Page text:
Adam Forziati, senior web editor for both MyTech Decisions and Commercial Integrator, traveled to the final Integrated Systems Europe in Amsterdam along with his colleague Arlen Schweiger from sister site and residential tech-focused brand, CE Pro. Together, they bring you some of the emerging trends, interesting booths, and overall ISE 2020 highlights they noticed while combing the show floor.
Adam’s end user solutions highlights: open standards, rebranding the industry
The idea that AV equipment should be nearly fully interoperable was incredibly present on the ISE 2020 show floor this year. Almost half of the booths I visited evangelized the concept of “open standards” and “interoperability.”
Every AV manufacturer wants you to use their solutions. But it was refreshing to see companies admitting that, while they’d like you to buy their whole suite or product ecosystem, they also understand that AV clients demand flexibility.
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If your client already has a solution that fits part of their needs, you can still choose what you think is a better solution for adjacent problems and remain confident the systems will operate together seamlessly.
I think interoperability and open standards will continue to gain traction in 2020 and beyond.
Here are just some of the booths which stressed interoperability:
Something a bit more conceptual rather than product-focused: this idea that integration companies need a rebrand was nowehere more present than at the AVI-SPL booth.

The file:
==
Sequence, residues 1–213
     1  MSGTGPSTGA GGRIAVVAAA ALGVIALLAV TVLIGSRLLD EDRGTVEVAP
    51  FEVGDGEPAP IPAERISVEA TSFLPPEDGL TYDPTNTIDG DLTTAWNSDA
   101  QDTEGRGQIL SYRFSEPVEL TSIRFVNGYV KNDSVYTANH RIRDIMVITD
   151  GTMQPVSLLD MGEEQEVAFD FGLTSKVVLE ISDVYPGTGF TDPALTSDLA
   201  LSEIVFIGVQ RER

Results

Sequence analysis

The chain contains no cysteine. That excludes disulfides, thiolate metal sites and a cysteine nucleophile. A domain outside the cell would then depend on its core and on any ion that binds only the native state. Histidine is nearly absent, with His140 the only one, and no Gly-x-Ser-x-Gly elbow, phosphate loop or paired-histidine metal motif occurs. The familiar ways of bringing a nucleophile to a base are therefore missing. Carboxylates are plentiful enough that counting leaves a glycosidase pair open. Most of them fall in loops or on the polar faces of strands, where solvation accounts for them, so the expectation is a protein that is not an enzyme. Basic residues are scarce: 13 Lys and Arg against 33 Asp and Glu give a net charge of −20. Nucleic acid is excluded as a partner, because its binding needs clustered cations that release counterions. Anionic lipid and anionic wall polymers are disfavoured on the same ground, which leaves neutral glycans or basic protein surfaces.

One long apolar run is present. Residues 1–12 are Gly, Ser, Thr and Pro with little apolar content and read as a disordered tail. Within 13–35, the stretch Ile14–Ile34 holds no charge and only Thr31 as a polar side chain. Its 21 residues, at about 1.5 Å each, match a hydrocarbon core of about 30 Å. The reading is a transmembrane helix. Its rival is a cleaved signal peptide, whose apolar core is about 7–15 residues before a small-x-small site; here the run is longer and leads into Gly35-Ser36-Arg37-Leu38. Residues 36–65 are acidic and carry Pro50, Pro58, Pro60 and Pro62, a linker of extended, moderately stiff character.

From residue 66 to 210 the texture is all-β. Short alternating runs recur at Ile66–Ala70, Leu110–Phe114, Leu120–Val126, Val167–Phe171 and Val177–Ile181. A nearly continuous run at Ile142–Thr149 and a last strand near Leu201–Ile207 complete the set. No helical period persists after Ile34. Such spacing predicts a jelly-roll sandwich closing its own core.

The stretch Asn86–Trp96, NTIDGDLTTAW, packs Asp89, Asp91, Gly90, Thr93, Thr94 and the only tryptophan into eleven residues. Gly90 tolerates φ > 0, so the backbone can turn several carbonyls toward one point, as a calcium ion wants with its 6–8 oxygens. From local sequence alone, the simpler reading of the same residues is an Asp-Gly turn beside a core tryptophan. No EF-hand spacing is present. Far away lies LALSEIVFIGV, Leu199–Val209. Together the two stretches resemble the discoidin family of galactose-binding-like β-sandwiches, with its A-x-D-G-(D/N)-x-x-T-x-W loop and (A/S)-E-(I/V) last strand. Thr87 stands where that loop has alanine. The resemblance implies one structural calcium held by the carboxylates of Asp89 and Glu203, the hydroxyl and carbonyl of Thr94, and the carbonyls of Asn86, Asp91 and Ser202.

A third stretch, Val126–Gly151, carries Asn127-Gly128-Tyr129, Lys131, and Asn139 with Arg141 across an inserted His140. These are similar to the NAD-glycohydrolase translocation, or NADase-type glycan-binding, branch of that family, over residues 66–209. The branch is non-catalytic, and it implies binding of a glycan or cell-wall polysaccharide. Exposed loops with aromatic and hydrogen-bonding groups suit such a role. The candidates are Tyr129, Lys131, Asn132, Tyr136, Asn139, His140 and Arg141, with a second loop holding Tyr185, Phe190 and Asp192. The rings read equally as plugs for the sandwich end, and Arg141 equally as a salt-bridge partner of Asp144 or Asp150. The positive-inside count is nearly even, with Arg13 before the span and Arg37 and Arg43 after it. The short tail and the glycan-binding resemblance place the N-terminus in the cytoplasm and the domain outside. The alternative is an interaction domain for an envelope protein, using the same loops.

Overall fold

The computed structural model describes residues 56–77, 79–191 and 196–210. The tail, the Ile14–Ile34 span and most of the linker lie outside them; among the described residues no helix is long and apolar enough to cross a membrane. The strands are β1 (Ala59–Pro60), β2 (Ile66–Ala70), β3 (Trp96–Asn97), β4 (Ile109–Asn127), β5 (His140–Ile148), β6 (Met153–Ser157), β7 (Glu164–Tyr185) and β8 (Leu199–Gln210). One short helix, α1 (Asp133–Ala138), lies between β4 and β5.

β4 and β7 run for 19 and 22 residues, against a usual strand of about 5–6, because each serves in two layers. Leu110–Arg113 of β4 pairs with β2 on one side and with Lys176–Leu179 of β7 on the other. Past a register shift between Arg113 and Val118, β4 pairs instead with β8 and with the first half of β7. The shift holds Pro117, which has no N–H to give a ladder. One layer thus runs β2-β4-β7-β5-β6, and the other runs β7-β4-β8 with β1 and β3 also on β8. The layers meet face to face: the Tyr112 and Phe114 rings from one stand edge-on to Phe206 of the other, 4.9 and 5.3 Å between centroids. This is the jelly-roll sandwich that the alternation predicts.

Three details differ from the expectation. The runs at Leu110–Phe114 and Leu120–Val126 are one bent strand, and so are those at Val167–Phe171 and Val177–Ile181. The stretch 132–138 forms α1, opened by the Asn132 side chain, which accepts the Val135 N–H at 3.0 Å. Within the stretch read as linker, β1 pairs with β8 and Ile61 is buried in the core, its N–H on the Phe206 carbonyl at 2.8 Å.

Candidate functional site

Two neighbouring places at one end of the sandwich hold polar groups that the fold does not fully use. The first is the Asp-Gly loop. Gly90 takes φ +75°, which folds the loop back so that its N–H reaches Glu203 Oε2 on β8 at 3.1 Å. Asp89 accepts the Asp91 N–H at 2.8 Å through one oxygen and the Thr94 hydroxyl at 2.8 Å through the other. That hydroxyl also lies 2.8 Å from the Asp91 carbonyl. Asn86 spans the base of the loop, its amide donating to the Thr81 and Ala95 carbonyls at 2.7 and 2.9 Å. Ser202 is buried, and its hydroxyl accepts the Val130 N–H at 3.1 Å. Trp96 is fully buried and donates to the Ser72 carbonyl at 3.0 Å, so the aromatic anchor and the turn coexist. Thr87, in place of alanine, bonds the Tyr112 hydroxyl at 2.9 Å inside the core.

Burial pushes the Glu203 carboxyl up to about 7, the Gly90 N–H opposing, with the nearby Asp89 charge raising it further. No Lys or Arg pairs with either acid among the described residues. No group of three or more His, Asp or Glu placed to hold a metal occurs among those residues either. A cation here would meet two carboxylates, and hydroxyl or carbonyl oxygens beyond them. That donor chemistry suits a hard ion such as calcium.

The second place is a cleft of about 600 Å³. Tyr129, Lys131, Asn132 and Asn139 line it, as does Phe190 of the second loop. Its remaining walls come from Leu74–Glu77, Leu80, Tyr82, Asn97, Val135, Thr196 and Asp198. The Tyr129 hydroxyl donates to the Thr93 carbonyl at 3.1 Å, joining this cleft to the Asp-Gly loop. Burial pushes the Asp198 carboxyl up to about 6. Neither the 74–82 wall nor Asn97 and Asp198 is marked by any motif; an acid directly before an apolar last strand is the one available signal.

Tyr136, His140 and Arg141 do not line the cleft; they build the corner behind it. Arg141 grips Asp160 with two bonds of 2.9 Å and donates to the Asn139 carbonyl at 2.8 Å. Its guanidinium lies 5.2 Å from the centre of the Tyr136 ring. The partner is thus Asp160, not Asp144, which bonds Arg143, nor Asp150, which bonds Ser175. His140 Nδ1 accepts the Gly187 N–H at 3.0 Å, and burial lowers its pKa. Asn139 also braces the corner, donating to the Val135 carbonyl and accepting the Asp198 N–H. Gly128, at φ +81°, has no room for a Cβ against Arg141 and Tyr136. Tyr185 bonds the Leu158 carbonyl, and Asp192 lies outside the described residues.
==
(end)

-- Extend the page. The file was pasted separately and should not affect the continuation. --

For anyone that doesn’t know, AVI-SPL is the largest integrator and one of two firms which became the first billion-dollar integration companies in the last week or so.
When I spoke with some folks at AVI-SPL, they were telling me about how they’ve started to focus more on how they’re positioning themselves to new customers. This firm is known for collaboration solutions, and that’s what they used to call themselves: a collaboration company.
But now, they’re distancing themselves from that term and instead they’re going for things like “digital workplace services” and “workplace technology” and I think that’s really smart.
When a billion-dollar integrator starts to turn the ship around on their branding, I think every other firm should at least consider why they’re doing that.
The primary reason here is that we’re coming now to a critical point where AV services are so closely tied to IT that savvy companies like AVI-SPL are trying to stay relevant to an audience that doesn’t really search for things like “Unified Communications” or collaboration solutions anymore.